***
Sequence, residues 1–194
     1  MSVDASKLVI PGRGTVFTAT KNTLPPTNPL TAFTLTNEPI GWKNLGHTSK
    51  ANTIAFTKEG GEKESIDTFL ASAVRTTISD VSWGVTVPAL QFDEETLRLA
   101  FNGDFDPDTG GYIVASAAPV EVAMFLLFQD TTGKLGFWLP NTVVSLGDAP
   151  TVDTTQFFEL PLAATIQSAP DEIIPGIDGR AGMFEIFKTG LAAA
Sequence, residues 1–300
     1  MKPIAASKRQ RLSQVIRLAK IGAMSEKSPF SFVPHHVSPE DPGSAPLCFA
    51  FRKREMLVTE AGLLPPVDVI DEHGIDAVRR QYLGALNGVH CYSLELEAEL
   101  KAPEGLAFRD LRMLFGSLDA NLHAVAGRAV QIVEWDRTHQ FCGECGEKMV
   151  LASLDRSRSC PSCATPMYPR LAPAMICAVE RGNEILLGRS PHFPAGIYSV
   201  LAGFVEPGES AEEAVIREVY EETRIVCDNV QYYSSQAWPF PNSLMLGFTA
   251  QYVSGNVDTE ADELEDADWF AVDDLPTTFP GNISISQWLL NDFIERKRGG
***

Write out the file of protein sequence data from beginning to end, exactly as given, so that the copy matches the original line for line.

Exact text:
Sequence, residues 1–194
     1  MSVDASKLVI PGRGTVFTAT KNTLPPTNPL TAFTLTNEPI GWKNLGHTSK
    51  ANTIAFTKEG GEKESIDTFL ASAVRTTISD VSWGVTVPAL QFDEETLRLA
   101  FNGDFDPDTG GYIVASAAPV EVAMFLLFQD TTGKLGFWLP NTVVSLGDAP
   151  TVDTTQFFEL PLAATIQSAP DEIIPGIDGR AGMFEIFKTG LAAA
Sequence, residues 1–300
     1  MKPIAASKRQ RLSQVIRLAK IGAMSEKSPF SFVPHHVSPE DPGSAPLCFA
    51  FRKREMLVTE AGLLPPVDVI DEHGIDAVRR QYLGALNGVH CYSLELEAEL
   101  KAPEGLAFRD LRMLFGSLDA NLHAVAGRAV QIVEWDRTHQ FCGECGEKMV
   151  LASLDRSRSC PSCATPMYPR LAPAMICAVE RGNEILLGRS PHFPAGIYSV
   201  LAGFVEPGES AEEAVIREVY EETRIVCDNV QYYSSQAWPF PNSLMLGFTA
   251  QYVSGNVDTE ADELEDADWF AVDDLPTTFP GNISISQWLL NDFIERKRGG